Preschool predictors of kindergarten math achievement
Early numeracy is beginning to gain widespread attention in early childhood education. Number sense has been identified as the premier skill which provides the foundation for the acquisition of higher order mathematical skills and concepts. However, there is little agreement on how to best promote number sense in young children. Two specific number sense practices that have been cited most are counting aloud and playing with manipulatives. The primary purpose of this study was to determine if counting aloud and playing with manipulatives during preschool do, in fact, have independent relationships with later early numeracy skills in kindergarten. The secondary purpose of this study was to compare the two relationships to determine if one is a more powerful predictor. Data from the Early Childhood Longitudinal Study ' Birth Cohort (ECLS-B) was employed. Sequential regression demonstrated that counting aloud is not a significant predictor when simultaneously controlling for age, SES, and sex, nor is it a significant predictor when also controlling for manipulative use. Manipulative use is a significant predictor when simultaneously controlling for age, SES, and sex, and remains significant when also controlling for counting aloud. When comparing the two behaviors, playing with manipulatives is a more important predictor of later numeracy skills than is counting aloud. Implications for preschool curriculum practices are discussed.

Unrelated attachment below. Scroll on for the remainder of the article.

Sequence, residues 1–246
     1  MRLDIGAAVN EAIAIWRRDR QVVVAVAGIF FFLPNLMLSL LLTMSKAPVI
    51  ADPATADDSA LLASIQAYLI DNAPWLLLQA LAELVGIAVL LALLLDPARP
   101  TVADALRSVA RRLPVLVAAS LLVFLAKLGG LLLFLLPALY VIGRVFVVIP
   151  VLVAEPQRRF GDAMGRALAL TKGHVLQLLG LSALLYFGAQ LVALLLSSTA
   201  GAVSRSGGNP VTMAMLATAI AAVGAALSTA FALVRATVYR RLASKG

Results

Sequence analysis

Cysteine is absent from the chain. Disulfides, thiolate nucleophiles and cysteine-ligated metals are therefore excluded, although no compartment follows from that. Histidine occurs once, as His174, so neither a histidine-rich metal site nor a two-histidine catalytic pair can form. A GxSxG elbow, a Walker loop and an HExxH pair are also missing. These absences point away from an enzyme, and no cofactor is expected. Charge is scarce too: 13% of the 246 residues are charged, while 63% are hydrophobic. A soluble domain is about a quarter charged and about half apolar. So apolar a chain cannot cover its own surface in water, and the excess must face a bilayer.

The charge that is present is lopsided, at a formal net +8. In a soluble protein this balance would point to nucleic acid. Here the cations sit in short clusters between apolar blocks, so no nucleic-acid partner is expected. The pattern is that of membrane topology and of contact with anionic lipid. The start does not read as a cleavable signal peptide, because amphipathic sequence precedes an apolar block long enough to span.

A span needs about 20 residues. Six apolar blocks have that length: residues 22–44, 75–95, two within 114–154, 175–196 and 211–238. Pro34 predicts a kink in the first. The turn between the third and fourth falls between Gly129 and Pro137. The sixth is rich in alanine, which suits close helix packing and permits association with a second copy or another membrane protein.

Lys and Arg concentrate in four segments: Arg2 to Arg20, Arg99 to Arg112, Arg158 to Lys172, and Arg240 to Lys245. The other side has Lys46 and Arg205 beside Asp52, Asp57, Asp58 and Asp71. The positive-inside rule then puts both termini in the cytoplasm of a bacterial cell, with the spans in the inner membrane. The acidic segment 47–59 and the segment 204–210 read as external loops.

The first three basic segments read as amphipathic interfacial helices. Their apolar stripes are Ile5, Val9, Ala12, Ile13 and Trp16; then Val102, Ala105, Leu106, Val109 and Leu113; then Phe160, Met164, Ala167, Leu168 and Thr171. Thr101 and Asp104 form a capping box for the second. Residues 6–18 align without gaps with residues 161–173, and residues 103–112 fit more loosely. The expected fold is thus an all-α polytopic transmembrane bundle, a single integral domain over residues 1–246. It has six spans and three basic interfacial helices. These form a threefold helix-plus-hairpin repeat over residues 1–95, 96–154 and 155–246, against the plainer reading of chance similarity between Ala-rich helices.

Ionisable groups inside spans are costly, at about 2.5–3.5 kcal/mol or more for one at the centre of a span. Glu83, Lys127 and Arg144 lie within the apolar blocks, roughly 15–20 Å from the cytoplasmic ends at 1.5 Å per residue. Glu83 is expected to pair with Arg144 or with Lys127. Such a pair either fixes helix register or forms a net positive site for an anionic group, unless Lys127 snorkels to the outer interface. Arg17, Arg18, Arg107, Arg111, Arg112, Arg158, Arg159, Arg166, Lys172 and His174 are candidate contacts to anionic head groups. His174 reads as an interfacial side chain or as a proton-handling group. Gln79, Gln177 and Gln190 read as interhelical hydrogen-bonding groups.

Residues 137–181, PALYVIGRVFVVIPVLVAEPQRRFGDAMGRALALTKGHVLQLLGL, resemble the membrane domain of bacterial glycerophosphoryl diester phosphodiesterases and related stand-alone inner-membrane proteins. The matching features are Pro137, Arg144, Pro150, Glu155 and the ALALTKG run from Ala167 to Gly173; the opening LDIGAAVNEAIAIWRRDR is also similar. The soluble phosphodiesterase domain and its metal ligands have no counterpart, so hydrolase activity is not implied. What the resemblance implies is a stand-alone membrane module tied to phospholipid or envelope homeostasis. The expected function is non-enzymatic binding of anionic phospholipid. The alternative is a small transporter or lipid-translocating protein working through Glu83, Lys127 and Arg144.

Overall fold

Dissertation completed in partial fulfillment of the requirements for the Doctor of Psychology degree in School Psychology at Alfred University, Alfred, NY.
Academic achievement, Mathematics, Predictor of scholastic success, Elementary school, Kindergarten